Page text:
Argentina's cuisine, which is heavily influenced by successive waves of European immigration, is not extravagant or terribly varied but extremely tasty. You'll find lots of Italian influences on the menu with pasta and pizza particularly popular. Most famous is the beef which is excellent and there are restaurants in every town and city where you'll get the chance to sample some Argentine meat. Above all in Argentina, food and drink are treated as an integral part of socialising and spending time with friends and family.
If you want to eat meat, it's a good idea to try and find a slightly smaller 'local' parilla (a restaurant with a mixed grill or asado as it's known in Argentina) rather than one which is more obviously directed at tourists. Here you'll certainly find more reasonable prices; you'll be able to talk to the owners who are usually very friendly, as well as get the lowdown on the best cuts of meat to try. Try and do a little research before looking at the menu, as the range of vocabulary can be quite daunting. More specifically, it helps to know about the different cuts of meat so you know which part of the cow you're eating - again friendly and patient waiters/waitresses are useful in these situations. Chicken is also very popular and you'll find a range of other meats (i.e. jam, lamb and pork) in most restaurants. Many Argentines also organise outdoor asados during the weekends when the weather is good, so if you get an invite be sure to go along in order to enjoy the friendly and convivial atmosphere.
Rather surprisingly seafood is not terribly widespread in Buenos Aires (although more easy to find in the southern regions), and is usually more expensive than other dishes when it does appear on the menu. There are lots of pizzerias throughout Argentina and you'll find a wide range of pasta dishes and salads in these eateries as well. There are also restaurants with food from different regions in Argentina which can offer some interesting dishes (try a guiso or stew such as locro or lentejas for something a little different). Perhaps the most popular snacks are empanadas which consist of small pastries filled with meat (beef, ham or chicken), vegetables, cheese and a host of other tasty fillings (empanadas in the north of the country are especially worth a try). The only criticism of the food in Argentina is that the restaurants are a little uniform - most offer very similar dishes with little variation. However, in the capital it's possible to find cuisine from different countries in Latin America, as well as a limited number of curry houses and restaurants serving sushi (the barrio of Palermo in Buenos Aires hosts a wide selection of restaurants serving different cuisines). Vegetarians are well catered for in the larger cities and it's possible to find good quality restaurants serving wholesome and fresh food without the meat which is so common elsewhere (most reasonable travel guides offer extensive advice for vegetarians).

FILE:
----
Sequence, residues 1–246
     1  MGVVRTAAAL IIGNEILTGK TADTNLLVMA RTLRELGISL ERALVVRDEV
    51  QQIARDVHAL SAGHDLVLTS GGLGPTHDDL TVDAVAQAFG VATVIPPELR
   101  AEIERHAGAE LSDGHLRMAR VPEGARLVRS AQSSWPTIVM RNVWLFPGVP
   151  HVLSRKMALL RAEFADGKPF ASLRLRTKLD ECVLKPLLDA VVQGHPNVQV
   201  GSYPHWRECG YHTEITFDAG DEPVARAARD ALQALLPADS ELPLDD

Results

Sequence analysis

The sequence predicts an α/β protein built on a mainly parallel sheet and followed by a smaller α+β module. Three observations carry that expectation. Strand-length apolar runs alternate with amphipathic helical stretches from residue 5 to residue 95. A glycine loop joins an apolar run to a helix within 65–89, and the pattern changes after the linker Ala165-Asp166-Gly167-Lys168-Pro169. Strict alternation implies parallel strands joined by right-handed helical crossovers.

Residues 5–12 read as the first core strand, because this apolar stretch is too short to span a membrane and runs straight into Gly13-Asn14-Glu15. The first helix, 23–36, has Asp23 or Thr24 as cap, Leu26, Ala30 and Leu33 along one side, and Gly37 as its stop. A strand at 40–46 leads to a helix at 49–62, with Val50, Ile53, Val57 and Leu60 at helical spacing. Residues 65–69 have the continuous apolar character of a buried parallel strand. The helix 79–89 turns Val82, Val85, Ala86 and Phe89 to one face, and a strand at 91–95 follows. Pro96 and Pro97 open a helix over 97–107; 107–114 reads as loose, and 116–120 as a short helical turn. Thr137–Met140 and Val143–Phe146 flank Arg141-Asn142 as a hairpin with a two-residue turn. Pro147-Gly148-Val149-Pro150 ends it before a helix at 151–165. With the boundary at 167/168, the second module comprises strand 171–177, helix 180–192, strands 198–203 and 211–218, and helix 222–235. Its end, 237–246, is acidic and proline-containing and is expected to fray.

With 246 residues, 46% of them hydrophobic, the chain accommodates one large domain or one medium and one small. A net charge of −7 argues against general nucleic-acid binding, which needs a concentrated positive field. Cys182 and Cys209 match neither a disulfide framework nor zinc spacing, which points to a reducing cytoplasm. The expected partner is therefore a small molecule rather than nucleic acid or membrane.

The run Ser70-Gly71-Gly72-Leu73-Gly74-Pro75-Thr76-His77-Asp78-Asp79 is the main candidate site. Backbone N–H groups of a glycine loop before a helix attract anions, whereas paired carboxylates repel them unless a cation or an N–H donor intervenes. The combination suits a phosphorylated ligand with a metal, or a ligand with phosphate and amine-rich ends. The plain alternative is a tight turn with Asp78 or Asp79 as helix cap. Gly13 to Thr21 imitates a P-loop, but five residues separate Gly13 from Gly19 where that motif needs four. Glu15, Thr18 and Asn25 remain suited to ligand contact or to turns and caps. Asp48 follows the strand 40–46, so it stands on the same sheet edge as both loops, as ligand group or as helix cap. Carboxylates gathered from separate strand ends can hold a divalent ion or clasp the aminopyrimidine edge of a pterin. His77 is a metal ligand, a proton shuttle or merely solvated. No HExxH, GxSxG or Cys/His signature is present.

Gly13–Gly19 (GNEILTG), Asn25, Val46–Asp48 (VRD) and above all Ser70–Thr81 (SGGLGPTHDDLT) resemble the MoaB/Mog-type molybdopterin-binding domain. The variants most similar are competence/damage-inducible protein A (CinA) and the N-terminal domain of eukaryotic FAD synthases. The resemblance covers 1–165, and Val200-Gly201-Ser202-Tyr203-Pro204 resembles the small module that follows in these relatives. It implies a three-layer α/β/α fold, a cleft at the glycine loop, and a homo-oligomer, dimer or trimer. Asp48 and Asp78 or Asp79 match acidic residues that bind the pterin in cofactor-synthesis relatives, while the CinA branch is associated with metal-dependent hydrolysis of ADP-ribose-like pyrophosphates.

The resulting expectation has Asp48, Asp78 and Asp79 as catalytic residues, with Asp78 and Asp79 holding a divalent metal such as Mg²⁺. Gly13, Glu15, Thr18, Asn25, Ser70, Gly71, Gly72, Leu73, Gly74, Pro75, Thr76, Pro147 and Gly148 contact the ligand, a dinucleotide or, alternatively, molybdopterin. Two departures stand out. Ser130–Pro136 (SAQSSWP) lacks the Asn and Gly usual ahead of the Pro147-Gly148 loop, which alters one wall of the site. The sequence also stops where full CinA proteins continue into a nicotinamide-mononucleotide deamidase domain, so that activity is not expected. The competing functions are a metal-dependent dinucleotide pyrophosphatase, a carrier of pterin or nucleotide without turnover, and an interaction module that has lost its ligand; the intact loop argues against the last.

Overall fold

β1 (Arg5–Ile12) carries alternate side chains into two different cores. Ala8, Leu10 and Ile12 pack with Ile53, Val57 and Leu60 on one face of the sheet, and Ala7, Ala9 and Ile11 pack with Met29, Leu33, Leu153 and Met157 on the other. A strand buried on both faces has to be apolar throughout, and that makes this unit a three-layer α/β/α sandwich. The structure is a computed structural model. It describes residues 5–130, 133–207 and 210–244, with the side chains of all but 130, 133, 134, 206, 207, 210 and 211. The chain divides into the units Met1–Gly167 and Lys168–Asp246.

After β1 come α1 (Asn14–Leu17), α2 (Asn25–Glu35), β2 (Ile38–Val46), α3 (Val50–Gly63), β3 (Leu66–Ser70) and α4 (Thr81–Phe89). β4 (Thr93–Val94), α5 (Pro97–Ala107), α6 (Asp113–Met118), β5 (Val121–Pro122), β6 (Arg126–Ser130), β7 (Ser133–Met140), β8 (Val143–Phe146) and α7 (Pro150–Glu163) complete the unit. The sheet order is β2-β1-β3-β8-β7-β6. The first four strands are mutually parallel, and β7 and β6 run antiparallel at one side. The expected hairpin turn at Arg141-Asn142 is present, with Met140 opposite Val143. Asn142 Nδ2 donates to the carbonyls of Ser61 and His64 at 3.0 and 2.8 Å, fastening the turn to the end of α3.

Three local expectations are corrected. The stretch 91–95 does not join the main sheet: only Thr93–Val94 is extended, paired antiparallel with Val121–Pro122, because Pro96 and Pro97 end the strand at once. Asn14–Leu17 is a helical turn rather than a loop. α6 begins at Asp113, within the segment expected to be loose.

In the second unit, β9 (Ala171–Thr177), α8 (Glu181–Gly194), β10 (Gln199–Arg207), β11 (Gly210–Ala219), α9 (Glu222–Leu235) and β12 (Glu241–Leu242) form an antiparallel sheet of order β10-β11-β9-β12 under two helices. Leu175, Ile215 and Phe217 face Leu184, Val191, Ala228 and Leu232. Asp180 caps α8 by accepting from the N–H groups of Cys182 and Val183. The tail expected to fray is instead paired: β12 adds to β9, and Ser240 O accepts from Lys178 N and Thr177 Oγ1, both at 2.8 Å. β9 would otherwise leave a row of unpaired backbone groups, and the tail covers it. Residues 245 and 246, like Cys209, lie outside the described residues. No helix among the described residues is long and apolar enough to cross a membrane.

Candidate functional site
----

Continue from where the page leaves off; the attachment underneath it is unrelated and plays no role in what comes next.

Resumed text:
Those with a sweet tooth will not be disappointed when visiting Argentina. Dulce de leche (a rich paste similar to caramel) is a national favourite and finds its way into most desserts or sweet pastries. Flan is particularly popular as a dessert and you can choose to have it with a large helping of dulce de leche. Heladerias (shops dedicated to selling and delivering ice cream) are widespread on the streets of Argentine cities and offer an array of different chocolate- and fruit-based flavours. Panaderias (or bakeries) are seemingly located on every corner and sell lots of savoury/sweet breads and pastries (make sure you try churros filled with dulce de leche). Alfajores (small cookies) which are often filled with dulce de leche, are also sold in most cafés and shops. There are healthier options available as well - fruit from the shops on the streets is particularly fresh and available as a dessert in many restaurants.
Argentina has a prominent café culture and perhaps unsurprisingly the coffee is very good (the sweet treats mentioned above are also available in many cafés). You will almost certainly encounter the national drink at some stage, known as mate, which tastes a little like a bitter green tea (although people also drink it with sugar as well). The ritual of drinking and sharing mate in the parks and plazas is probably just as significant as the drink itself for many Argentines. In terms of cold drinks, it goes without saying that wine is excellent in Argentina, as well as very reasonable (Argentina has two large wine regions in and around Mendoza and Cafayate). Cerveza is also very popular and many brands from Europe and Argentina are sold in bars and supermarkets. If you're travelling around Argentina it's worth trying the different regional cervezas. Another alcoholic drink which many Argentines drink is Fernet, a strong and bitter spirit, usually served with coca-cola. Smoothies, milkshakes, fruit juices and other non-alcoholic drinks are also widely available.